The defendant took the stand and testified in narrative form, after which he was cross-examined by the State. The following exchange took place:
"Mr. Johnson: . . . the only thing I can say in my defense is that the testimony that you have heard in relation to me being a part of this crime is not true. That's all.
"Court: That's the extent of your testimony?
"Mr. Johnson: Yea.
"Court: Mr. Tyler? The defendant has indicated that that is the extent of his testimony.
"Mr. Tyler: The State has no cross-examination. Except for one matter, your Honor. You're asking that this jury believe on your testimony only that you are not a participant and you did not participate in this robbery?
"Mr. Johnson: Yes.
"Mr. Tyler: And do you have any other evidence as to your innocence?
"Mr. Johnson: Yes.
"Mr. Tyler: And you're asking them to believe you?
"Mr. Johnson: I don't quite understand you.
"Mr. Tyler: You're asking the jury to believe your own statement?
"Mr. Johnson: Yes."
On appeal, the defendant argues that the State's questioning effectively shifted the burden of proof by creating an inference in the minds of the jury that it was his duty to come forth with evidence of his innocence. He concedes that no objection was made at trial and that the question was freely answered. He argues, however, that inasmuch as such questioning amounts to fundamental error, the trial court on its own initiative should have ordered the question and answer stricken, and admonished the jury to disregard them.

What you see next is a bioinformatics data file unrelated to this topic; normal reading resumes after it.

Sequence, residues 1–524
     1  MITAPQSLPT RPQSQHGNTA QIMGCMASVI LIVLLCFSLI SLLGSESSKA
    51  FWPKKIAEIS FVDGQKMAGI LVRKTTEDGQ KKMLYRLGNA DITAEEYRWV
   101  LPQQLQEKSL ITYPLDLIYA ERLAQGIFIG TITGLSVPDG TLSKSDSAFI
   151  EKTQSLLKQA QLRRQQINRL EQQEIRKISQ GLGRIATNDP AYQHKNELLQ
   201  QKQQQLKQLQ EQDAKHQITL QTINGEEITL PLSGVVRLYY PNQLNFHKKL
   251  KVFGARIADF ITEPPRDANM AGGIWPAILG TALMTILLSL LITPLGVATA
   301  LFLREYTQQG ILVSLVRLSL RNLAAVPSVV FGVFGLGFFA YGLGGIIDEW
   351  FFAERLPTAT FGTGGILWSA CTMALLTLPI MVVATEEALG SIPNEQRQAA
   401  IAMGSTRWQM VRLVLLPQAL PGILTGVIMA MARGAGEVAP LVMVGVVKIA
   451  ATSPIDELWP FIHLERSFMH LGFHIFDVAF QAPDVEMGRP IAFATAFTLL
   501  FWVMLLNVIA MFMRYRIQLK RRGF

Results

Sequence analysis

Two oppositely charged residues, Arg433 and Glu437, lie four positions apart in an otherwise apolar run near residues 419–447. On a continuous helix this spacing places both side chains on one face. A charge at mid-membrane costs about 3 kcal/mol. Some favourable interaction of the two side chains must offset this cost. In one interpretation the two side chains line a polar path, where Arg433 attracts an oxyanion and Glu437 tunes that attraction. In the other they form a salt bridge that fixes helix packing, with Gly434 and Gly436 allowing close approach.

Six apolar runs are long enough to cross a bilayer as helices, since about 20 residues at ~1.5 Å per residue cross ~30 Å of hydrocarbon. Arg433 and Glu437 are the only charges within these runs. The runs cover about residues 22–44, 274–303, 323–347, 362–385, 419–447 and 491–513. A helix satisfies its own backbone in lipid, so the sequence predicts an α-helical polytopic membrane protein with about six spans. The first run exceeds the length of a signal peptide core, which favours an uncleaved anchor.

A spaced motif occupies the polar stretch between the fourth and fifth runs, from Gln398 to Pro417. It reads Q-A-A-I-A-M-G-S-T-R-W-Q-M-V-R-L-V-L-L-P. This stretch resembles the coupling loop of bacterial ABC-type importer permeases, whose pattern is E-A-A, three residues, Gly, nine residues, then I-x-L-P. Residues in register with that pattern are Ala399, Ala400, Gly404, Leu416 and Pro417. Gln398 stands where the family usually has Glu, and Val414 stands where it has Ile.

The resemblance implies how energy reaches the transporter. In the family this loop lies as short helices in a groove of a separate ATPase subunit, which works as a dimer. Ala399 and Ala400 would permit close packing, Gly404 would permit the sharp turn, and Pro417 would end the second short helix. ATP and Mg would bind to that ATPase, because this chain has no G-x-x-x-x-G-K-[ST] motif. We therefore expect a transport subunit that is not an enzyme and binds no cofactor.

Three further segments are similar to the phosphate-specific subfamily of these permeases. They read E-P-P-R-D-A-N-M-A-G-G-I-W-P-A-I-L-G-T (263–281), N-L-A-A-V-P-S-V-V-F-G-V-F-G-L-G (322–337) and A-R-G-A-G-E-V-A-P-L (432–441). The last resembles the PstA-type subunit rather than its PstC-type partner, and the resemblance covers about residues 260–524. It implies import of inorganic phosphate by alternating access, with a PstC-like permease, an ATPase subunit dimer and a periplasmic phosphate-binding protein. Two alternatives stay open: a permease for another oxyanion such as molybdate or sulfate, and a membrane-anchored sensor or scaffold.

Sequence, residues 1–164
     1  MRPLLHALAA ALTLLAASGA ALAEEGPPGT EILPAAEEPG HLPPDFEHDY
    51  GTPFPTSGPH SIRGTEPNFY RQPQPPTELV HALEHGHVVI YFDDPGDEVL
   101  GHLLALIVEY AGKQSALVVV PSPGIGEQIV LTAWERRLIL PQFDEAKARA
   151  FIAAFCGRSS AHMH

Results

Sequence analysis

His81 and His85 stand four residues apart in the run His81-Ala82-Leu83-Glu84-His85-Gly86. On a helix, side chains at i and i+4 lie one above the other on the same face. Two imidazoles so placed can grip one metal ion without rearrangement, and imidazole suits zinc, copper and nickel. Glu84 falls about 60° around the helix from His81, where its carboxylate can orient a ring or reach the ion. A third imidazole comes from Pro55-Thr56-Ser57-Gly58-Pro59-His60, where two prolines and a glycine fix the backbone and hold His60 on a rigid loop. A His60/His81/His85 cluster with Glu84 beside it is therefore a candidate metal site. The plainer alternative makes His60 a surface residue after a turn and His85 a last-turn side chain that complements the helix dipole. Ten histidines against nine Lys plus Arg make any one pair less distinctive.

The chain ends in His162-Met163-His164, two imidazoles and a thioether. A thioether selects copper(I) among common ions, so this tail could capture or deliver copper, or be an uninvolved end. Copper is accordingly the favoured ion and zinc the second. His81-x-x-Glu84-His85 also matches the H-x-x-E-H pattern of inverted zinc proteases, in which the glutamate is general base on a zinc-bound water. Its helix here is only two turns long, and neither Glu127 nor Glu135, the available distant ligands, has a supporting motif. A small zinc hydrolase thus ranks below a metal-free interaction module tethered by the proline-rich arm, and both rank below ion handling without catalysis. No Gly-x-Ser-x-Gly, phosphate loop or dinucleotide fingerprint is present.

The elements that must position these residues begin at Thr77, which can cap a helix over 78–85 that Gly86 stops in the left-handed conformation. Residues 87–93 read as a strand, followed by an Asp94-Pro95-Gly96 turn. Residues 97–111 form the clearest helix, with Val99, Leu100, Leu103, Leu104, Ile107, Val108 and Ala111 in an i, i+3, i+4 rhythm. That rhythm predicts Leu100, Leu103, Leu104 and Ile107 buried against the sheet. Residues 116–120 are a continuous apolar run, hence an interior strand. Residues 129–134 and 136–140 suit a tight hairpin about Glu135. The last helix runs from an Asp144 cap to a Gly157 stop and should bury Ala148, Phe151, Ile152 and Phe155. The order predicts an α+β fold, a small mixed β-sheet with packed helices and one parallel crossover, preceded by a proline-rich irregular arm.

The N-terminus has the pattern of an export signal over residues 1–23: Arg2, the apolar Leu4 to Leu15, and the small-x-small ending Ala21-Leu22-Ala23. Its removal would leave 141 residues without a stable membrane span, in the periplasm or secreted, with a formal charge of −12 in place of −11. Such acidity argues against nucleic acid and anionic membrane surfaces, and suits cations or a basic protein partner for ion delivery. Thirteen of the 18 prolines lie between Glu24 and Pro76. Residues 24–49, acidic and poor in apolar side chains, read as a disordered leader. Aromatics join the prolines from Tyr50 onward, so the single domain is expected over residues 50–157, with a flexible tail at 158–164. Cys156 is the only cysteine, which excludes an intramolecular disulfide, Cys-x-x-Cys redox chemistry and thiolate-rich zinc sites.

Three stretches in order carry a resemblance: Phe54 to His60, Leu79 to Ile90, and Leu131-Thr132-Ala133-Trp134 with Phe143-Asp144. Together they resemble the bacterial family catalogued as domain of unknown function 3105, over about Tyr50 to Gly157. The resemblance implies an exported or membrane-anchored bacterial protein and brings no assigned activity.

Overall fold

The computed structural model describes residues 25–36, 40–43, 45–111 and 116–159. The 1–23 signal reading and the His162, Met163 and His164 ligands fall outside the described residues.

Fundamental error is an exception to the general rule which requires an in-trial objection in order to preserve error for appeal. To fit within the exception, the error complained  of must be such, that if not rectified, would deny the defendant "fundamental due process." Malo v. State, (1977) 266 Ind. 157, 361 N.E.2d 1201; Bobbitt v. State, (1977) 266 Ind. 164, 361 N.E.2d 1193. It is not enough that it relates in some manner to the violation of a constitutional right. In the instant case, the alleged error did not rise to such proportions. Thus, in the absence of a proper objection, which would have afforded the trial court an opportunity to remedy any prejudice which the defendant may have suffered, we decline to treat the issue.
Co-defendant Tillman Morris was called as a witness for the defense. Because he had not been previously named as a defense witness, he was questioned by the State outside the presence of the jury, prior to being interrogated by the defendant. At the conclusion of the State's questioning, the following exchange took place:
"Court: Once, again, for the record, Mr. Morris, and you're telling the Court that you wish to testify, correct?
"Mr. Johnson: Just a minute — just a minute — do you want to testify?
"Mr. Morris: No.
"Mr. Morris: No. I don't want to testify.
"Court: And why aren't you going to testify.